Years back I managed to find one of those “dream” home shop machinery deals. An Emco Maximat V10P lathe was sitting in a dusty pile at the back of a bike shop in Alameda, CA. This is a very much sought-after home shop machine. The shop owner said the machine was taking up space, so we made a deal and it followed me home for a more-than-fair price. It’s been a great lathe, but was in far from tip-top shape and has needed some TLC and upgrades. One thing that I’d been meaning to address for long time, is that oil constantly dribbled out of the quick-change gearbox onto my bench. What follows details that fix.
This is a repair of Bose L1 tower PA system. These skinny tower speakers are somewhat of a marvel because they are designed to stand behind the musician (aimed RIGHT AT the microphone) and don’t generate feedback (in most situations). Ah, the miracles of DSP.
It turns out these PA’s have a frequent failure in their power supply. Read on for details.
I recently got a Tormach PCNC 770 CNC milling machine. So far, I’m very happy with it (but have not cut much yet). I figured that since I wouldn’t be using flood cooling, that I could get away without a full enclosure. But even with mist rather than flood, chips were shot everywhere, so I decided to roll my own enclosure using 80/20 parts https://www.8020.net/
There are lot of similar designs on-line, but the one I used most for guidance was by sauni68 on YouTube: https://www.youtube.com/watch?v=FddiAAuI2Rg
His was a design for a PCNC 1100, but his video still has several good tips that are appropriate for the 770.
This is a outstanding machine DRO for hobbyists, not just an outstanding DIY project, but a super DRO even compared to high-end pro machines. The beauty of TouchDRO is that it uses a (cheap) Android tablet for the display and control (I used a 1st-generation Nexus tablet – $50 on eBay) while the scales connect to a small (user-built) box that wirelessly sends data to the tablet via Bluetooth. The extra cute thing about this particular DRO installation is that all that parts are very small don’t interfere with any travel distances or setups on this already smallish machine.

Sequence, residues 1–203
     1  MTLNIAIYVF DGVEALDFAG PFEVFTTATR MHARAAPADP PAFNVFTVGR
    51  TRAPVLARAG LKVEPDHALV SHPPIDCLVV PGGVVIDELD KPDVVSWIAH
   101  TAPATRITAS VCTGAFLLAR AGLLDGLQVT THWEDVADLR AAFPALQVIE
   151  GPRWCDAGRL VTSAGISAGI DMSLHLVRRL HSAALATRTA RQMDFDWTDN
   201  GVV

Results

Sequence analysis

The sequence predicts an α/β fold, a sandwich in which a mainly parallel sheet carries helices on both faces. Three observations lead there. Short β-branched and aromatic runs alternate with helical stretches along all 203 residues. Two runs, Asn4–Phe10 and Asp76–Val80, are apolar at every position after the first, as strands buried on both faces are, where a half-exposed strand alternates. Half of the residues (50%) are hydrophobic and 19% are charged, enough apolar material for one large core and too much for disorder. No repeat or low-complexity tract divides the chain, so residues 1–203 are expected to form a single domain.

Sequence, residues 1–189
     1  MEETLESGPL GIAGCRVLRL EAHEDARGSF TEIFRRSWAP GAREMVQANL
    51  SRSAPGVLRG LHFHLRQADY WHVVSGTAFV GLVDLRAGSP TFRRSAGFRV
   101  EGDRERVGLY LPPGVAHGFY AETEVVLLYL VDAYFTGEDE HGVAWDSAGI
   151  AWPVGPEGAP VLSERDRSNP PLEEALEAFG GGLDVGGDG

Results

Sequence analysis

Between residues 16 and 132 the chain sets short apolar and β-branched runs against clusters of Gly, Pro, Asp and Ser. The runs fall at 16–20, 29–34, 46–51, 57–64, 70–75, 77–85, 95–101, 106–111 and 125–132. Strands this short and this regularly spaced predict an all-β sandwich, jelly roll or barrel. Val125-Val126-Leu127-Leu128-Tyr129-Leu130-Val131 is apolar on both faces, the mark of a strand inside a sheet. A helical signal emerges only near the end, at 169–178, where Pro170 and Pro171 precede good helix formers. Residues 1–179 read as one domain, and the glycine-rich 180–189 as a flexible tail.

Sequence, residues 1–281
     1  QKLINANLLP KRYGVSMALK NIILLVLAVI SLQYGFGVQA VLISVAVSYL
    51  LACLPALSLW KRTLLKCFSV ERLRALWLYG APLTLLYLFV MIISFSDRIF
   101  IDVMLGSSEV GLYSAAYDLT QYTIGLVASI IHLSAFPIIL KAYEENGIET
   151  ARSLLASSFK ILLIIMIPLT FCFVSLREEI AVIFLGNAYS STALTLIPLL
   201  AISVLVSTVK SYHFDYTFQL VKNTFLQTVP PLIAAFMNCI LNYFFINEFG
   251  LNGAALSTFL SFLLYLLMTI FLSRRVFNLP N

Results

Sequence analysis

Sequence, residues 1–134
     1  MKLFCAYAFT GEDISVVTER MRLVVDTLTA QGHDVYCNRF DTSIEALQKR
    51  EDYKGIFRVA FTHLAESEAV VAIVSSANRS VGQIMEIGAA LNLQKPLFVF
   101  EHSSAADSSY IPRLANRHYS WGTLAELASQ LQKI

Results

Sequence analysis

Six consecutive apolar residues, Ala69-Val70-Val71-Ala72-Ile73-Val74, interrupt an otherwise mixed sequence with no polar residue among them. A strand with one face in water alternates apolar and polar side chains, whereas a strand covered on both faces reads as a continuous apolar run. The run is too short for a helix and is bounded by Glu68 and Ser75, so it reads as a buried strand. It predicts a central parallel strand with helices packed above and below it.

This is bender specifically made to put a very tight radius bend in 5/32″ brass rod for banjo hooks. The original design was modified from this: http://www.micromark.com/universal-bender,8229.html but required a few revisions to get the desired result. Finally, when I was able to force the rod into a tight radius bend, some would crack. I learned that they needed to be heated with a torch before bending, but don’t have to be bent while hot.
The key difference between this and the little universal bender (besides less “slop” and tighter-tolerance fittings) is the movable round die is a “cam” that can be pivoted (with a 3/4″ wrench) and forced tightly against the stationary die while the bend is being made.
This was also my first exercise with hardening O1 tool steel. There are tons of guides on line covering this topic so I won’t go into detail here. Having the working surfaces hardened may not be necessary for bending brass but I wanted to play with O1 steel and this was pretty forgiving applications for a first try. It went quite well.
I found two heavily trashed Ainsworth antique balance scales at the flea market. $40 later, they followed me home. Between the two carcasses, I was able to get parts to assemble one complete unit. Continue reading